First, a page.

Among the four varṇas one has to consider the presence of those without ‘colour’ also known as the ‘untouchables’ (Marriot, 2004, 379) and currently referred to as Dalits. Ghandi tried to improve the lives of them whom he renamed “children of God”’ (Marriot, 2004, 380). 'Eight verses are devoted to the Vaisya and just two to the Sudra' (Olivelle, 2005, 16) which shows the inequality between the classes in some Indian texts. The system is still followed today (Marriot, 2004, 358), for example India had a Dalit President, Kocheril Raman Narayanan.
From post-Vedic era, each of the four varṇas would include a myriad of occupational sub-classes known as jati, they ‘consist of dispersed, named networks of families’ (Marriot, 2004, 358)
Male members of the top three classes only are traditionally called ‘twice born’ (dvija) (Marriot, 2004, 359).
The second birth is part of the upanayana ceremony which usually happens between ages 3-11 depending on the varna. It is an initiation into the duties of the class and involves a ritual bath. ‘Indian governments of the twentieth century recognised thousands of jatis as units for compensatory discrimination and classified them in four categories that roughly invert the varṇas’ primordial ordering’ (Marriot, 2004, 381).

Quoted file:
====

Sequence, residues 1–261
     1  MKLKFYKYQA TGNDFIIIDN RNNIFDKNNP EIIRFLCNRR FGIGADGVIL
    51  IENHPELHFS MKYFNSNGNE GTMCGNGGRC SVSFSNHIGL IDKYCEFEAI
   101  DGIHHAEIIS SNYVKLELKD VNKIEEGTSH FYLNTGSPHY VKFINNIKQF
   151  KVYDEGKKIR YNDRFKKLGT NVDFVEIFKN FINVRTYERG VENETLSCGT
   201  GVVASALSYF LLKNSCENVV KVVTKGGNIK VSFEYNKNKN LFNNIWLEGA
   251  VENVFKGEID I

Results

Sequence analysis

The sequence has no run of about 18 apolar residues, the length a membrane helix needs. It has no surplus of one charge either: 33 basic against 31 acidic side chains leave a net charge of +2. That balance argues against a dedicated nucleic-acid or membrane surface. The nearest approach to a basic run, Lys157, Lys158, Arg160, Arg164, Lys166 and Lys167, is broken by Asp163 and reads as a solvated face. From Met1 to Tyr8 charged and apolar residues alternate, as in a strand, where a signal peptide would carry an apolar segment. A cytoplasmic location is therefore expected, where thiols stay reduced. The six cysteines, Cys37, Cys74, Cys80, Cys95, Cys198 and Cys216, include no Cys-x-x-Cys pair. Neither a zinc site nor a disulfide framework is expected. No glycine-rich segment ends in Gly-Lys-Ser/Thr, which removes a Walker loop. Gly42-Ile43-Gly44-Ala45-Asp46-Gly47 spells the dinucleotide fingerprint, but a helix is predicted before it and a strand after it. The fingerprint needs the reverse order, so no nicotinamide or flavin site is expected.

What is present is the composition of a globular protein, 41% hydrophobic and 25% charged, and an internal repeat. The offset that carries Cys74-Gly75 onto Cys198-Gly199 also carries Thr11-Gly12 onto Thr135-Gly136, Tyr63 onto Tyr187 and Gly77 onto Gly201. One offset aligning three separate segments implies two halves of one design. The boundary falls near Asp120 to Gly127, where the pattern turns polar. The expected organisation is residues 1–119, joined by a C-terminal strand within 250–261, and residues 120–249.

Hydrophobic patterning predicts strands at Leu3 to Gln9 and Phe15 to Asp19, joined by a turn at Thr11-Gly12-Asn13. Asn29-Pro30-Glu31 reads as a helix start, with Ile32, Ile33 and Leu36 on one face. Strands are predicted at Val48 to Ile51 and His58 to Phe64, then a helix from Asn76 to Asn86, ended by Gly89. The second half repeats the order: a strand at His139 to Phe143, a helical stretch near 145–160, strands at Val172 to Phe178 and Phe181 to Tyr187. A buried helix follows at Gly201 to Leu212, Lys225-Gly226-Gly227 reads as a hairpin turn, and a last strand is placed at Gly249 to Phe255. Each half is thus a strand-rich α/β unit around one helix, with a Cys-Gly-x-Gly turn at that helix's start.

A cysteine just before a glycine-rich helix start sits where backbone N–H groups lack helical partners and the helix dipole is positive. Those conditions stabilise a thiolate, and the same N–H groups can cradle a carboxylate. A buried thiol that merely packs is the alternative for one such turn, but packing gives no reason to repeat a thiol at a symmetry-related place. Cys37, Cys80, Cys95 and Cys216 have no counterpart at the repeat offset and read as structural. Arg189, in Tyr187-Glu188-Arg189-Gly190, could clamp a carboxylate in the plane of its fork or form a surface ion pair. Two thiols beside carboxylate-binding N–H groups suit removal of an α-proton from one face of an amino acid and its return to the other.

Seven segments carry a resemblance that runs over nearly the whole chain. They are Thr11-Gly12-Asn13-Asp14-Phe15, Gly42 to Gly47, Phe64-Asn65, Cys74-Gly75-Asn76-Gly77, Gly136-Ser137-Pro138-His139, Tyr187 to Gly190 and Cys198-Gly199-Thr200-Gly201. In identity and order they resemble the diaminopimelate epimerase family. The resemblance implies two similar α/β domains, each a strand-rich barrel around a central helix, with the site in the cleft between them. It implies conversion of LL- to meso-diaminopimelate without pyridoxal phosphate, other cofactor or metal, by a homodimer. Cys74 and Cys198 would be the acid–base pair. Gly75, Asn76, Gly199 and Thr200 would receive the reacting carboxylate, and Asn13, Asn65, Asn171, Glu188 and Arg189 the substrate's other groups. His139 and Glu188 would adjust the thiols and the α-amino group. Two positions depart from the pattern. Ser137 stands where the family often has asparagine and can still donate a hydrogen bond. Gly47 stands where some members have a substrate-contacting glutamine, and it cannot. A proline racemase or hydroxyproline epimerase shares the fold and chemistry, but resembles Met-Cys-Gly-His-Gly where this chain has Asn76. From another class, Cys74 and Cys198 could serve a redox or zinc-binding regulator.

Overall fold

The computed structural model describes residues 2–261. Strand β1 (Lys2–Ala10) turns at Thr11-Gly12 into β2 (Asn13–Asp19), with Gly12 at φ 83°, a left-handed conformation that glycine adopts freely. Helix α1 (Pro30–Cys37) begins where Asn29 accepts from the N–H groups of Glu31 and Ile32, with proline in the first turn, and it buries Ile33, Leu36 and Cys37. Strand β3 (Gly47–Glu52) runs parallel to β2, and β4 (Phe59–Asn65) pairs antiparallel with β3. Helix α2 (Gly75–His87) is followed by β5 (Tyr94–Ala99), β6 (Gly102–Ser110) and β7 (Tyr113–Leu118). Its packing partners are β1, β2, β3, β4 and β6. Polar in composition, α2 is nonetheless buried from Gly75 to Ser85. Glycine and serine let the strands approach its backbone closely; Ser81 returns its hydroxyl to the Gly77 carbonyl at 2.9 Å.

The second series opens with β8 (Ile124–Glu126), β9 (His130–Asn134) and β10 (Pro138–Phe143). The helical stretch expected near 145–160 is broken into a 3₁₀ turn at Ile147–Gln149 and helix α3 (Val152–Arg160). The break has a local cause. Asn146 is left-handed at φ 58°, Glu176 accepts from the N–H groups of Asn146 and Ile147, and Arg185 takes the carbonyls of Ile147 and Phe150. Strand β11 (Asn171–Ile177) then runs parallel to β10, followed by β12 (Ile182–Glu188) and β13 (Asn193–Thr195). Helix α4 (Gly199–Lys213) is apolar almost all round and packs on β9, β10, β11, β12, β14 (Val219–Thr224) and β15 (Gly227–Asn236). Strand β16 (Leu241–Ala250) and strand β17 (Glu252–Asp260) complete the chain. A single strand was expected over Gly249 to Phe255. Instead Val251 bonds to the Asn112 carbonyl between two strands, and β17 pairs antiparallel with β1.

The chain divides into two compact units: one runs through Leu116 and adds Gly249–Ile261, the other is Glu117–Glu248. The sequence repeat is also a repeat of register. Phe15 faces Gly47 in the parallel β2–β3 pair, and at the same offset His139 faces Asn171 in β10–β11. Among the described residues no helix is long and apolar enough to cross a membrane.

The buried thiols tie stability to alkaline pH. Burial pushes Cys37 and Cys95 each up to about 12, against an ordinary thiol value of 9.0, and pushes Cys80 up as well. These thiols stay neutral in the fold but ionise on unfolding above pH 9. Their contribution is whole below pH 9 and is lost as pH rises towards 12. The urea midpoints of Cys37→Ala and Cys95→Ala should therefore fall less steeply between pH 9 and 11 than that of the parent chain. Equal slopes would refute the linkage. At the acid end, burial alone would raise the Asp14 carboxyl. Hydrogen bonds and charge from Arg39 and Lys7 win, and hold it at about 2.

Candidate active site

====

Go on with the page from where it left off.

Late and post- Vedic social order introduced the four fold class, so a 4th veda was introduced which is Artharva. As you can see from the table on the four fold division of the vedas that the priest of the fourfold division of the Vedas was a Brahman, which is the first Brahman priest, as referred to in the BrhadaranyakaUpanisad: ‘In the beginning this world was only brahman’ (BĀU 1.4.11). The characteristics of the brahman priest are that he supervised everything and had mantras that correct mistakes.
A new class emerged which is sudra (which means to serve) which are slaves, prisoners of war, migrants due to the results of migration, conquest and resettling from 1000 BCE. There are specific duties for the four varṇa which literally means colour (Marriot, 2004, 357), so everyone has a colour. For example the sudra varṇa were assigned the colour black and had duties that the three other classes cannot do (Marriot, 2004, 378). And in contrast the brāhmaṇa class has a function to sacrifice and teach and their colour is white.
This Upanisad is taken from the last vedas which discusses the fourfold system. This is textual evidence of the new system, take verse 14 for example mentions ‘the priestly power’ (BĀU, 1.4. 14), so referring to the brahmana classand ‘the ruling power’ (BĀU, 1.4. 14) meaning the ksatriya class.